About the daring adventure of exploring rainforest canopy with a novel flying device-the Jungle Airship. Airship engineer Dr. Graham Dorrington embarks on a trip to the giant Kaieteur Falls... See full summary »
The geologist Lance Hackett is employed by an Australian mining company to map the subsoil of a desert area covered with ant hills prior to a possible uranium extraction. His work is ... See full summary »
In the 1950s, an adolescent Werner Herzog was transfixed by a film performance of the young Klaus Kinski. Years later, they would share an apartment where, in an unabated, forty-eight-hour ... See full summary »
On Crete, a wounded German paratrooper named Stroszek is sent to the quiet city of Kos with his wife Nora, a Greek nurse, and two other soldiers recovering from minor wounds. Billeted in a ... See full summary »
German-American Dieter Dengler discusses his service as an American naval pilot in the Vietnam War. Dengler also revisits the sites of his capture and eventual escape from the hands of the Vietcong, recreating many events for the camera.
This film shows the disaster of the Kuwaitian oil fields in flames, with few interviews and no explanatory narration. Hell itself is presented in such beautiful sights and music that one has to be fascinated by it.
The film is based on the true story of Zishe Breitbart, a Jewish blacksmith's son from Poland who becomes a sensation in Weimar, Berlin as a mythical strongman. His employer Hanussen dreams of establishing an all-powerful Ministry of the Occult in Hitler's government. Yet as Hitler's hold on power grows more sure, and Berlin erupts in a ferment of anti-Semitism, Zishe must decide how he will use his strength. Plagued by nightmares, he takes counsel from a local rabbi. He becomes convinced that he has been chosen by God to warn his people of the grave danger they face. Written by
Sujit R. Varma
After two minutes of the hypnosis scene, the cinematographer started to weave and his head sunk back. Herzog grabbed him and put him softly back to the camera where he continued. Not only that, but Roth was actually able to hypnotize the young woman as well, again Herzog stating that one "cannot act waking up from hypnosis" like we see in the film. See more »
The Nazi stormtroopers in the film are frequently shown armed with rifles and pistols. However, in 1932 the Nazi movement was not yet in power and was considered simply another political party. Armed Nazis on the streets of Germany would have drawn immediate attention and would have been met with force by the police and military. See more »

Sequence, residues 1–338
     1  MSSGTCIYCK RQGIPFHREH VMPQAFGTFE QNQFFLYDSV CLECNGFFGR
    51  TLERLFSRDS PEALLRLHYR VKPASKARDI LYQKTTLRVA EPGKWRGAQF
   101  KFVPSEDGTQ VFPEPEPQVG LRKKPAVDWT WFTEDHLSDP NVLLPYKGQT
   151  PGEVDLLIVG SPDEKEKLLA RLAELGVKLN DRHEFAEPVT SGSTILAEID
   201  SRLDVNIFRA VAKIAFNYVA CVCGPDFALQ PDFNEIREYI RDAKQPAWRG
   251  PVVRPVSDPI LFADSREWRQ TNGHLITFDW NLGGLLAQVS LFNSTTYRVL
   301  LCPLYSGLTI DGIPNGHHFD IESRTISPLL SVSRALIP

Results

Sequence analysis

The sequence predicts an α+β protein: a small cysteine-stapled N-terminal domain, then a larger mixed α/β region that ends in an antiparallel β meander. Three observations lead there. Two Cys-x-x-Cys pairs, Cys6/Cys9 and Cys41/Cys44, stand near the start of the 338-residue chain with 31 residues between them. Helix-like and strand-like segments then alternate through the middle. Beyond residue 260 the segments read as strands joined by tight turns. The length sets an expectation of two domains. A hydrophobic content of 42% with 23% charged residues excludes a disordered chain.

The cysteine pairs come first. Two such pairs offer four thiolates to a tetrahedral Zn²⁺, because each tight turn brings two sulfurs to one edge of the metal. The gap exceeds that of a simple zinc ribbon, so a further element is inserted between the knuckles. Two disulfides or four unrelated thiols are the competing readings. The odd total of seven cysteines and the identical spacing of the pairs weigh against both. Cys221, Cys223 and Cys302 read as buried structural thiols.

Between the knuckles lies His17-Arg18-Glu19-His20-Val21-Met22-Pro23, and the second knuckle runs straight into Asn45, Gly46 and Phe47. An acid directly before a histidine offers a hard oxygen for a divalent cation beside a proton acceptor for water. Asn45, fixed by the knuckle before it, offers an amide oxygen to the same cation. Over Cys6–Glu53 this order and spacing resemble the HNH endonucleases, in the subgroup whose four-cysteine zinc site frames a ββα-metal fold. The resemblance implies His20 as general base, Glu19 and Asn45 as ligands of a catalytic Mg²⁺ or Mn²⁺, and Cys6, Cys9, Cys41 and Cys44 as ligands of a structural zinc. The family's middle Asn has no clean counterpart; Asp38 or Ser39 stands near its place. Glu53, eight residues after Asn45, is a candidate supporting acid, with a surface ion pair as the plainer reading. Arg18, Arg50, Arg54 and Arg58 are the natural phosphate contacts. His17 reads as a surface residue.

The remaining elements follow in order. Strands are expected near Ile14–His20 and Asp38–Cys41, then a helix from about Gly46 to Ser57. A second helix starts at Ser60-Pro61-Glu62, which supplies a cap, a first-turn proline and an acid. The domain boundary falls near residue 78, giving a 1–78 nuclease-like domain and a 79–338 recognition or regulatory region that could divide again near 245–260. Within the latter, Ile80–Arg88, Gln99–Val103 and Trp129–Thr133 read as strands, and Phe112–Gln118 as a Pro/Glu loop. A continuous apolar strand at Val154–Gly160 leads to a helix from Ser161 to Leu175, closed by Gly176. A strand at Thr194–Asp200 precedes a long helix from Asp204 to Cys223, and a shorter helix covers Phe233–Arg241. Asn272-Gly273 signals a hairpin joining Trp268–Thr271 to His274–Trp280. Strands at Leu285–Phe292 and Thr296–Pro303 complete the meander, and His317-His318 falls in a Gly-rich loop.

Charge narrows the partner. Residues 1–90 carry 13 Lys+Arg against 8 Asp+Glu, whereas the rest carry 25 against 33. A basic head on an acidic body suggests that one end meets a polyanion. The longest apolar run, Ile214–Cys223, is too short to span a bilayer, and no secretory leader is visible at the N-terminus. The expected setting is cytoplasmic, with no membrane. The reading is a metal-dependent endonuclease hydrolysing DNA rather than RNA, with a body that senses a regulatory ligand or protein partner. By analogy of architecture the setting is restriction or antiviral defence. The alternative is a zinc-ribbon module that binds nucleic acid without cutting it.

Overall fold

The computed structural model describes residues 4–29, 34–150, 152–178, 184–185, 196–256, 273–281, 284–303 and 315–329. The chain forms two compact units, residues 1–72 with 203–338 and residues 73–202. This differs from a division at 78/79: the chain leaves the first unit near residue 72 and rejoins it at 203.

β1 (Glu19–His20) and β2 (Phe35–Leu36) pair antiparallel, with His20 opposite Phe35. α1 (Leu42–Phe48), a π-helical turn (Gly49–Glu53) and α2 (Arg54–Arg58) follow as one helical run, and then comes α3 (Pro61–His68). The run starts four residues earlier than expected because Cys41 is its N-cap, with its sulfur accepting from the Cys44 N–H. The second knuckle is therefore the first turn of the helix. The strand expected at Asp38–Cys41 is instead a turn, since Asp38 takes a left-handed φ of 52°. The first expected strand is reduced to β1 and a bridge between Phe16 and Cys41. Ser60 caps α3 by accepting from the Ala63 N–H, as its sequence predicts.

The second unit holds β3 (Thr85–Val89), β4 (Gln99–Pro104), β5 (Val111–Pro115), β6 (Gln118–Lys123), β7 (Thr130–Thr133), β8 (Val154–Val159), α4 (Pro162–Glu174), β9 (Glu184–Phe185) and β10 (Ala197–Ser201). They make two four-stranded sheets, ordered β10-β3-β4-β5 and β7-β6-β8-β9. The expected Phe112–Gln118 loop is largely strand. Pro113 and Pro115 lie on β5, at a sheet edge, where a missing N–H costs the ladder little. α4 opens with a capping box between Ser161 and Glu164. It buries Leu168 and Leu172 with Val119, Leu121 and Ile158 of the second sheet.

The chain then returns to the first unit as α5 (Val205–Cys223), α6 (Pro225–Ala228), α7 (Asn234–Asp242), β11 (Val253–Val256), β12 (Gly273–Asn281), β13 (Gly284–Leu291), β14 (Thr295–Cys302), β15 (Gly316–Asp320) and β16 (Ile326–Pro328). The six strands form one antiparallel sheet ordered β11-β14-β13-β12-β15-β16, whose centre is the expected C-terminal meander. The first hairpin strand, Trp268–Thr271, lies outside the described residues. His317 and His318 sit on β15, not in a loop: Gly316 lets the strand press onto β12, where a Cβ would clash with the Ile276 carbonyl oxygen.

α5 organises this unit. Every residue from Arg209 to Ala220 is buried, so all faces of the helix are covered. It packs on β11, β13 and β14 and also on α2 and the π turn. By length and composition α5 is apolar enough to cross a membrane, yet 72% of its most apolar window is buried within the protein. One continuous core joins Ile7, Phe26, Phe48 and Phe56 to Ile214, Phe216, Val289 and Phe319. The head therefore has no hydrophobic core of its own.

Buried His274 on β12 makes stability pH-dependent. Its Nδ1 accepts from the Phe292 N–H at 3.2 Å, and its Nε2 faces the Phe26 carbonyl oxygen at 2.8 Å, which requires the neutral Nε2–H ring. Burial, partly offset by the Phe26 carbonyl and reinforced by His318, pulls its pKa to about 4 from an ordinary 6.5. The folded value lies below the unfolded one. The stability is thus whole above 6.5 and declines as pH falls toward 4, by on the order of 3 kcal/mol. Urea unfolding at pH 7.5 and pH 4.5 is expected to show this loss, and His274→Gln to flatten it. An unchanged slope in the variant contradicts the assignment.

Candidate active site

[after outlifting and defeating a circus strongman in hand-to-hand]
I can do more! I can do more!
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Thanks to The People of Kuldiga and The People of Vilnius See more »
Had potential but doesn't hang together like it should and has too many poor or average aspects
Zishe is a Jew living in Poland and working with his family as a blacksmith. When a fight breaks out in a local restaurant, Zishe uses his impressive strength to fend off his attackers but finds himself facing a bill for the damage. To make the money to cover the cost, Zishe enters a local circus to challenge the resident strongman. Easily winning, he draws the attention of a talent scout who offers him the chance for more work in Germany. Despite the reservations of his parents, Zishe travels to Berlin where he joins the high-class show of mystic Hanussen. Playing to mostly film stars and members of the ascending Nazi party, Zishe plays the role of an Aryan strongman. Initially happy to do so, the deception and denial of self gradually eats at him as he performs on stage.
I may not be the most cine-literate person in the world but I know enough to give any film from Werner Herzog a try to see what happens. With this film I was interested from the very start as it throws up an interesting "true" story that I had never heard before. It opens well but it only manages to hang together until the middle of the film, at which point the direction of the story starts to badly waver and, with a mostly amateur cast and some clunky dialogue, it cannot do anything to really turn it around. After a while it does become dull and rather aimless which was a shame given the potential that it showed early on. The problems of narrative will probably worry Herzog's fans less than the casual viewer though but what will surprise them is how visually ordinary it all is. It all looks good and has some nice use of locations but generally it lacks imagination or the flair for the unusual, with only the out-of-place use of the crabs sticking in the mind as an image.
The cast are mixed, with some good performances and some terrible ones. Ahola falls somewhere in the middle; he is not the most expressive man in the world but he has a good presence and his gentle strongman performance works for the majority it is only in the latter stages where more is asked of him where he comes up wanting. Roth is impressive of course and he does add a much needed professionalism into the film when given the chance. The rest of the cast are mostly average at best not a major problem but few people will defend the bland and flat deliveries of people like Gourari and Wein both of whom come over as if they would struggle to read a traffic sign in a convincing manner.
Overall this is an OK film at best starting with potential but fading away long before the end. The performances are mostly average but what is more surprising is that Herzog doesn't really make the film his own some of it looks interesting but it lacks the visual style that I had hoped for and it doesn't offer a great deal in its place.
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